How to do well by doing good
We asked the brightest minds in business how they do what they do and how you can cash in on their advice in the year ahead.
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Howard Schultz
Howard Schultz
Chairman, Starbucks
Dare to Be a Social Entrepreneur
The rules of engagement around building a brand have changed significantly over the past 10 to 15 years. Where companies at one time could spread their message through traditional marketing, consumers now seek an enduring emotional connection with the companies they patronize. The foundation of that connection is the most important characteristic of building a world-class brand: trust. Trust with your people and trust with your customers.

In the early years, we tried everything we could to exceed the expectations of our customers. But we knew that to achieve that goal we had to first exceed the expectations of our people. That was never more evident than in 1990, while we were still a private company that had yet to turn a profit. That was when we provided comprehensive health care to all of our employees, including part-timers. We also passionately believed that our people should share in Starbucks's success through ownership in the form of stock options - what we call "bean stock." It's hard to imagine advocating such expenses while we were building the business. This was not an expense but rather an investment.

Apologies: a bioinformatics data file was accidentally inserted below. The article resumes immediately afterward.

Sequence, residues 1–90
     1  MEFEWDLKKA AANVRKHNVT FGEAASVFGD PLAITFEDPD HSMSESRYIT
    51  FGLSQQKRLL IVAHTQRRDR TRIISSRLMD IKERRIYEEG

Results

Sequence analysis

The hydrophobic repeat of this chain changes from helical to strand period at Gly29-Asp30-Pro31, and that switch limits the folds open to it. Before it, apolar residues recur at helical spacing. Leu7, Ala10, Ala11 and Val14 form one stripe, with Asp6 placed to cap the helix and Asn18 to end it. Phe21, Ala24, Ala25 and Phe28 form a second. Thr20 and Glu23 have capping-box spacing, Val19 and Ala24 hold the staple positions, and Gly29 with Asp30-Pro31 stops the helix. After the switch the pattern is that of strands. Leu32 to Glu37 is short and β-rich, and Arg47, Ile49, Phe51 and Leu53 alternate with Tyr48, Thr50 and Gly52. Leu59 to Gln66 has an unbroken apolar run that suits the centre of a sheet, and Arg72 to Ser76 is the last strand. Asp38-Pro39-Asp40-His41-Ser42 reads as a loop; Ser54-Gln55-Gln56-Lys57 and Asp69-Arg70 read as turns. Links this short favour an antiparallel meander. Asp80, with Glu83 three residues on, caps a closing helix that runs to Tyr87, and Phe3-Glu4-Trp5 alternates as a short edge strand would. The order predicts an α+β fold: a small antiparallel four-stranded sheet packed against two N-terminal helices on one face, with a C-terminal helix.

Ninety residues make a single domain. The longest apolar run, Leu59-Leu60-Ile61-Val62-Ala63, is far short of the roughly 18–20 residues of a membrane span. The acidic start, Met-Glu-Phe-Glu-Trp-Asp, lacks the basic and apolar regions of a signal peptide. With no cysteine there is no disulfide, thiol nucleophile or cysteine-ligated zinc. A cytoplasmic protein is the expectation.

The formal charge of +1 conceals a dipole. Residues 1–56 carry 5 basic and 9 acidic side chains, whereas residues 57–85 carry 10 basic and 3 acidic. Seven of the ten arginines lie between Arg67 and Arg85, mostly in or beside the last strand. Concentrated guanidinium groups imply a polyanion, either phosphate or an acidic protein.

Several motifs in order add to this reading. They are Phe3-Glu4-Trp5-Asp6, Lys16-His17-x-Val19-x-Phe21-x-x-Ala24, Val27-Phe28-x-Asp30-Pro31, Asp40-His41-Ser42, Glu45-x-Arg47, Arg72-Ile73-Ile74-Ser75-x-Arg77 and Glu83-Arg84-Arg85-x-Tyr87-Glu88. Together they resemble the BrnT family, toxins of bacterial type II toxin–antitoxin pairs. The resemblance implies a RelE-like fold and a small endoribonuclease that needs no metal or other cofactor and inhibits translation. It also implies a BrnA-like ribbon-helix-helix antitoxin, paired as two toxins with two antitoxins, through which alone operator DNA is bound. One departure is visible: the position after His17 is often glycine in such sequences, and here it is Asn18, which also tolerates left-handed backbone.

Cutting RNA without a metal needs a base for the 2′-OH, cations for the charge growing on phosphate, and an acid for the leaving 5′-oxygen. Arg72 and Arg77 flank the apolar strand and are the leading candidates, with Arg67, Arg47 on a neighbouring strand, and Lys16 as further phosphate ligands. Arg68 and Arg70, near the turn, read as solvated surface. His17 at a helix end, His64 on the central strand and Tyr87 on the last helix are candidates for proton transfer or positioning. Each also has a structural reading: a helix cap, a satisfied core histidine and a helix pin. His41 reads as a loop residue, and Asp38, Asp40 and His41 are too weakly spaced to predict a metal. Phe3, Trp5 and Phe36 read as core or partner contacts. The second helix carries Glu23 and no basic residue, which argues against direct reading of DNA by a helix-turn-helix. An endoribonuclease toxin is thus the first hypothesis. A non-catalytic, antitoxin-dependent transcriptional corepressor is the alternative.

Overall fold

Growth can cover up a lot of mistakes, and it has an intoxicating quality that sometimes makes it hard to see the need to continue to make investments ahead of the growth curve. Think of investments in your company as a metaphor for building a 100-story tower: You need to first lay a solid foundation to support future growth.
 What do you think it will take in 2007 to succeed in business? E-mail the editors here.